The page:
Is China's military under civilian control?

Chinese President Hu Jintao has completed his state visit to Washington, having received the welcoming ceremony and state dinner that he is said to have long sought. But the "deliverables" from the visit seem scant -- a few trade deals and some bland remarks promising better cooperation. If little was expected and even less delivered at the summit, it may be because Hu lacks the authority to produce significant results from his own government. On the eve of Hu's arrival in Washington, aNew York Times article questioned the Chinese president's authority over a wide range of controversial issues, including China's exchange rate policy, its trade barriers, and its influence over North Korea.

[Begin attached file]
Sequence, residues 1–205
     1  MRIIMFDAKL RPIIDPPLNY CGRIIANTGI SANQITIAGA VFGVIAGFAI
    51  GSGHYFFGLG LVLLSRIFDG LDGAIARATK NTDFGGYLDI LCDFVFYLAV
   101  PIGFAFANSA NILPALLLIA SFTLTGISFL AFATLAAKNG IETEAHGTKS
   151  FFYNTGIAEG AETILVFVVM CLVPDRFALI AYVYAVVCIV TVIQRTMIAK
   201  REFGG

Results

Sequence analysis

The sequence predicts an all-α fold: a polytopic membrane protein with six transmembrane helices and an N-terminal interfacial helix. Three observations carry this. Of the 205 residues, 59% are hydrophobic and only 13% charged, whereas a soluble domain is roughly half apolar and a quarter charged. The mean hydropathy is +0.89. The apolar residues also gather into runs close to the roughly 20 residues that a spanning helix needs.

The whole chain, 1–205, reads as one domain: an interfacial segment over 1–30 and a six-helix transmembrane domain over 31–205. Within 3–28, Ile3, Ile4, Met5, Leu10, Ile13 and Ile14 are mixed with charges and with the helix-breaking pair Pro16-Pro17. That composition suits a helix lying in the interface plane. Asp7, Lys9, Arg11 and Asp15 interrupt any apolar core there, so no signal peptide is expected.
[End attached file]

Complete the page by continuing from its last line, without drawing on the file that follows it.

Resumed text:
If that is so, does the Chinese president's weakness extend to his control over the military? There have been numerous instances over the past 15 years of the People's Liberation Army (PLA) running on a seemingly very long leash. In 1995 and 2005, Chinese generals made specific threats, in the presence of the U.S. ambassador to China and to foreign journalists visiting Beijing, of nuclear attacks against U.S. cities. In 2001, when a U.S. patrol plane made an emergency landing on Hainan Island after colliding with a Chinese fighter, China's military leadership did not cooperate with its civilian counterparts in quickly resolving the incident. And the PLA's destruction in 2007 of a weather satellite using a ground-launched missile took the government by surprise and left the Foreign Ministry unable to respond to international concerns for 10 days. These cases of apparently roguish behavior by the PLA are most likely the result of the military's bureaucratic independence. But they are also carefully calculated attempts to bolster the credibility of China's military deterrence.